In order to implement a logical measurement, we need to introduce some ancillary physical Majorana fermion modes. These ancillary modes are initialised at the beginning and measured at the end of the logical measurement. Between initialisation and measurement on ancillary modes, stabiliser operators are repeatedly measured.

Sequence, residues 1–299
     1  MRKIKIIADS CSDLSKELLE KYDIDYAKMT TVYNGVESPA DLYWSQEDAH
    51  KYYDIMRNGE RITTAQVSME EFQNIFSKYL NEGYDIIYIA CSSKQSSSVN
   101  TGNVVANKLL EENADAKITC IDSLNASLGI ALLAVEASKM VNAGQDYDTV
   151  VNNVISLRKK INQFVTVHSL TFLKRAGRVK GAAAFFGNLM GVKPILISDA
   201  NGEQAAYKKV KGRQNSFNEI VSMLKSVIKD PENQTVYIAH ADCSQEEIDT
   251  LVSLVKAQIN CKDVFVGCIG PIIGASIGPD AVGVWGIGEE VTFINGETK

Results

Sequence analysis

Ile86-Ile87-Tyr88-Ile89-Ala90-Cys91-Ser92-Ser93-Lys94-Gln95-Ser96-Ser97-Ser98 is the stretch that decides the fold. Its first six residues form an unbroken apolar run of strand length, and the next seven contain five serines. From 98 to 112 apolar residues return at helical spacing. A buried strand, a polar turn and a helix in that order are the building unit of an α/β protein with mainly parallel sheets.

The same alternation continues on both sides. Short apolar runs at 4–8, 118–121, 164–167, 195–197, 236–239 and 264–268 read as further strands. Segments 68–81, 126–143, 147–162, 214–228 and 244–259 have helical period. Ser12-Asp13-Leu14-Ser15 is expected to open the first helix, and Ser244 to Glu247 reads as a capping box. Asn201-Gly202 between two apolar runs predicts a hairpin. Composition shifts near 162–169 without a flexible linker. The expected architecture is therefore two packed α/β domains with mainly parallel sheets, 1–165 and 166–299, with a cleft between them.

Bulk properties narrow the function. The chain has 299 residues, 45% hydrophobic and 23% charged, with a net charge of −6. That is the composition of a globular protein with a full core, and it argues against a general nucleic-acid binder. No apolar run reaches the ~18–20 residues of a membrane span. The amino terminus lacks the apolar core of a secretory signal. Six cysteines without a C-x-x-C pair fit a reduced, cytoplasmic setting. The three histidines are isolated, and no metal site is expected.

The initialisation and measurement pattern are indicated by white bars in Fig. 3(a,b). Each white bar represents a product of two Majorana fermion operators. The pattern is designed to make sure that stabiliser operators of logical Majorana fermions are not damaged in the logical measurement. For example, we consider the stabiliser operator marked by a cross in Fig. 3(a). The stabiliser operator is , in which , , and belong to the logical Majorana fermion , and and are ancillary Majorana fermions. We note that is a stabiliser operator of . Ancillary modes are initialised in the eigenstate with , so at the beginning of the logical measurement we have . At the end of the logical measurement, the eigenvalue of is measured. Then, we have , where the sign is determined by the measurement outcome . We can find that, although the eigenvalue of may be changed by the logical measurement, we can always track its eigenvalue. Therefore, such a stabiliser operator can always be used to detect errors, which is required by the fault tolerance.